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  1. What this ‘really smart’ player might add to South Carolina’s defense in 2019 January 17, 2019 THE STATE The first thing people involved in the South Carolina football program said about Ernest Jones centered around something those outside the program couldn’t see. To a degree, that makes sense with a player who missed the spring with a back injury and spent most of his first year on campus on track to redshirt. But it might also speak to something coming down the line. “He’s smart,” starting middle linebacker T.J. Brunson said. “That was the first thing I noticed. He’ll call something and see something. Sometimes he’ll beat the running back or whoever the ball carrier is to the spot.” His head coach, Will Muschamp, echoed the sentiment. “He’s really intelligent,” Muschamp said. “He’s really smart. That’s one of the reasons we really liked him in the recruiting process … able to make the calls in our defense.” But all that was something fans mostly had to wait to see. The fracture in Jones’ back had him out all spring. He got into the season opener late in a blowout and then didn’t play in the next eight games. But then he got some snaps against Chattanooga. Then with the team’s avalanche of injuries, he played against Clemson and Akron. By the bowl game, he was facing the choice of burning his redshirt and ended up playing seven snaps on defense plus special teams. Now the 6-foot-2, 235-pound linebacker goes into the offseason unencumbered by injury. “He’s a tough kid for sure,” Brunson said. “I like watching him play, he’s going to be really good. I’m not sure about the whole back injury story, but I’m sure that’s something that took a lot for him to overcome and to come out here and play and make plays at practice and come in a game and make plays, that’s’ huge for us. I know he’s excited to finally get more comfortable with working out and stuff this offseason.” For the season, he posted 16 tackles, a pair of quarterback hurries and forced a fumble. The team will return a group of linebackers that is experienced, but also needs to produce more in 2019. Only Bryson Allen-Williams projects to be gone, and he was mostly a Buck defensive end. Brunson is back for a third year starting and Sherrod Greene is back for a second, but at times the starting pair had struggles and was overworked. Veteran Eldridrige Thompson is waiting on a medical sixth season after a shoulder injury ended his 2018 early. Beyond them, it’s Jones, others who got spot duty and the freshmen. Damani Staley had 31 tackles as an often-used backup, but also had some struggles. Rosendo Louis projected as a rotation player at the start of the season, but ended up playing sparingly through the middle of the season, bouncing between positions and then getting hurt. Then there’s the freshmen, the smaller Jahmar Brown and a bigger option in Derek Boykins. With all those bodies, USC will have to sort out a rotation that probably needs more production and more depth to shore up a defense hammered by injuries. Muschamp spoke highly of what the team saw from Jones in the meeting room, how he took to understanding South Carolina’s defensive concepts and how he progressed through the season. But Jones is still a linebacker, and for as much as one can talk about his understanding, there is the other part of his game. “He is also a guy who is really heavy handed,” Brunson said. “I remember seeing, we were doing a power foot and hands drill working with running backs, and just watching him punch and knock someone’s head back and jar somebody as a freshman, that’s pretty good.”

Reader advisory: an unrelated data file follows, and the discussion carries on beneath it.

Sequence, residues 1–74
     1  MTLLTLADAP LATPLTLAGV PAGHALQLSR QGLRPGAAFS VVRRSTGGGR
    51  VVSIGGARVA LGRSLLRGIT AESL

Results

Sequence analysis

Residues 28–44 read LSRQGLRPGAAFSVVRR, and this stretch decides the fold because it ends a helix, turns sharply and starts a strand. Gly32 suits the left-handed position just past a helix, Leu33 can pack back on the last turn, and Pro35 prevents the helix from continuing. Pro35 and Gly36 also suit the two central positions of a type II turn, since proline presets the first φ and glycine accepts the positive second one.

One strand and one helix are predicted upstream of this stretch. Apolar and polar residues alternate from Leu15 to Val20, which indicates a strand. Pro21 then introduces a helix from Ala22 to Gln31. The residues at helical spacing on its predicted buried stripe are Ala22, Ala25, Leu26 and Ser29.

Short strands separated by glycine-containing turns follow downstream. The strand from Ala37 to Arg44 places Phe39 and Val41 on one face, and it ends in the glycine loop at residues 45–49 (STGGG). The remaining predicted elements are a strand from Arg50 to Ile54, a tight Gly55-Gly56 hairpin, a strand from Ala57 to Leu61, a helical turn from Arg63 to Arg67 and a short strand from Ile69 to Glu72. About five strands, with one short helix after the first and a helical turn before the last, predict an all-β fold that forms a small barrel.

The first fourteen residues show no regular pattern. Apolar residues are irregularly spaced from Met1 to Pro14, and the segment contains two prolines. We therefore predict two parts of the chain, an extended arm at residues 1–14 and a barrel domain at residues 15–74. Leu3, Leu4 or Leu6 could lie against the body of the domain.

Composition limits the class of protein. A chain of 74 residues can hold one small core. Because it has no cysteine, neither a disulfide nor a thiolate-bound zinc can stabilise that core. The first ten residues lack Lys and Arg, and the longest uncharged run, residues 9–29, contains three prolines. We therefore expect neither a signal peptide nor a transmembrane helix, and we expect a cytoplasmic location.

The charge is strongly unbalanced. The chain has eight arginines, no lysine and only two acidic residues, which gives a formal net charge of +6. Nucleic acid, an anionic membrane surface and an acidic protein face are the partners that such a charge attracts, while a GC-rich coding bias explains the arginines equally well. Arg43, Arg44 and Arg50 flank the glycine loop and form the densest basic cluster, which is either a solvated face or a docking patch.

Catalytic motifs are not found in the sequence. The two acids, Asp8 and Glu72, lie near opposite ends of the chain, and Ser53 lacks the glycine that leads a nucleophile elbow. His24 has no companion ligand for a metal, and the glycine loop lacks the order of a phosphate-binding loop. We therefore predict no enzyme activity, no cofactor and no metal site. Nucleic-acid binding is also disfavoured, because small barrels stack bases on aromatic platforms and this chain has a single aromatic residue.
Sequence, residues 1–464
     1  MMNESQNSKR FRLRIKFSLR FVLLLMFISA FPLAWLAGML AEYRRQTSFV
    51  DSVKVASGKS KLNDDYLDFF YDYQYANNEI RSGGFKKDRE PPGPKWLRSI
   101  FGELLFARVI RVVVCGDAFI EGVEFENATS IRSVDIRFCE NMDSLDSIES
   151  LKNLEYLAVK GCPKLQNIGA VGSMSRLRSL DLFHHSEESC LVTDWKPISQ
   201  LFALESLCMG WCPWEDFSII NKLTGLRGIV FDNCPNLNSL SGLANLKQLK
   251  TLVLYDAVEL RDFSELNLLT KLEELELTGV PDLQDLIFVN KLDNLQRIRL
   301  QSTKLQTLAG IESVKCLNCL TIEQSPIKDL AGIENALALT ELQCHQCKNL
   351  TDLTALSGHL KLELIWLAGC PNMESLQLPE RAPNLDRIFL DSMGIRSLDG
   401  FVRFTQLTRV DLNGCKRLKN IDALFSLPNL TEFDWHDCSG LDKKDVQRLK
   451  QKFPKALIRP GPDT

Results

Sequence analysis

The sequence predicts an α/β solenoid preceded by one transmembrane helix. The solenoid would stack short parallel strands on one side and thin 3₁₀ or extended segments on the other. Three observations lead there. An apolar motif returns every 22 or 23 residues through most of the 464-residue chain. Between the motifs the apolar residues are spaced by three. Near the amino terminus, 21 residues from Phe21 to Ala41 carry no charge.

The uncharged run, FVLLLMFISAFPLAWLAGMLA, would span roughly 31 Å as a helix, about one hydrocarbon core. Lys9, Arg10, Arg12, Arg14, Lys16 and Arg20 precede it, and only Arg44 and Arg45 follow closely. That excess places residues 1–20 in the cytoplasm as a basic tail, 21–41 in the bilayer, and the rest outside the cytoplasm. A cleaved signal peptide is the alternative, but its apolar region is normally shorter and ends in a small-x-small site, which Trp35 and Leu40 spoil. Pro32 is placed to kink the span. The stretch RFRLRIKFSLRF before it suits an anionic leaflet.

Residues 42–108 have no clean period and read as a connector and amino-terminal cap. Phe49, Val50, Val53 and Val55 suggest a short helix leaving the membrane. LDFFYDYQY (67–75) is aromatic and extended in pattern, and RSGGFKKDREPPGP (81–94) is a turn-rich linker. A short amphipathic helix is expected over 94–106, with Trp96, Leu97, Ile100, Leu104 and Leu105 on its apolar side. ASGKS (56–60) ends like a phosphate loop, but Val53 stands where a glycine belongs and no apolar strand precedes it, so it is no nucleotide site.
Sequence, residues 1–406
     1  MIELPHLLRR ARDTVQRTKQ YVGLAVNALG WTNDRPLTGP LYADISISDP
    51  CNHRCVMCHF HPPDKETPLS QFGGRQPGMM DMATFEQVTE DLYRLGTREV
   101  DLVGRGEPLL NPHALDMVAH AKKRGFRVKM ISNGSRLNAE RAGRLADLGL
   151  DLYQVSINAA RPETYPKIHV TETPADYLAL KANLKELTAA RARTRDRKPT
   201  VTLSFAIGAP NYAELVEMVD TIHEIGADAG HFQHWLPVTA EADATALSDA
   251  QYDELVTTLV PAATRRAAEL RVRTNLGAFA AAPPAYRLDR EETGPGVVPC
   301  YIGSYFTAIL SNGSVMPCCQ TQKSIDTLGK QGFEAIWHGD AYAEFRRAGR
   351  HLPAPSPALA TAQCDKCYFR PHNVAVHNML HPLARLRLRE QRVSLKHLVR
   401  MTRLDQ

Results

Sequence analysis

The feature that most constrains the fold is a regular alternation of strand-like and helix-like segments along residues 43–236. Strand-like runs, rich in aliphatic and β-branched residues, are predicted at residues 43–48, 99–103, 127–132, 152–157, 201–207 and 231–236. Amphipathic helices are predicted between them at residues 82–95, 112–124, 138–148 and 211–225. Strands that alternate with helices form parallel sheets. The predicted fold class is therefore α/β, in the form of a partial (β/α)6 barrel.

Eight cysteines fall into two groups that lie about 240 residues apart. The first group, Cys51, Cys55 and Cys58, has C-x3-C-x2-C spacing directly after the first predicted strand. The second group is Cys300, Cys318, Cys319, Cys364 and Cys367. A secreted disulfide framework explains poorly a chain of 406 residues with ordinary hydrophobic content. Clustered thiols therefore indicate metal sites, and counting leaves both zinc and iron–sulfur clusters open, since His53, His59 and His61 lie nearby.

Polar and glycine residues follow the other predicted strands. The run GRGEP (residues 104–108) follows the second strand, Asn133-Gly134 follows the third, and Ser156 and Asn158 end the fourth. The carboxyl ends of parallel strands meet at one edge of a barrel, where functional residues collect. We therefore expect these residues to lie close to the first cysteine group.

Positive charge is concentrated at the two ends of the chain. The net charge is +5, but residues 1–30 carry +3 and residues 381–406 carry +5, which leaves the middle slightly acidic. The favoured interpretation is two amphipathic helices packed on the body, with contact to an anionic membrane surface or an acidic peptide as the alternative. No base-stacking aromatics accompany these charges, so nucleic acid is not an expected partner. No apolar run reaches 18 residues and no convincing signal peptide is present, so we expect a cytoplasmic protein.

2. USC signee CB Cam Smith still plans to enroll in school early January 16, 2019 USC signee CB Cam Smith still plans to enroll in school early and is just waiting on the go-ahead from the NCAA. Smith said the hold up for him was his SAT score improved quite a bit from his first test to the second, so he had to get the second score validated and sent into the NCAA. That has been done and he expects to hear back from the NCAA later this week or next. He will enroll at that point.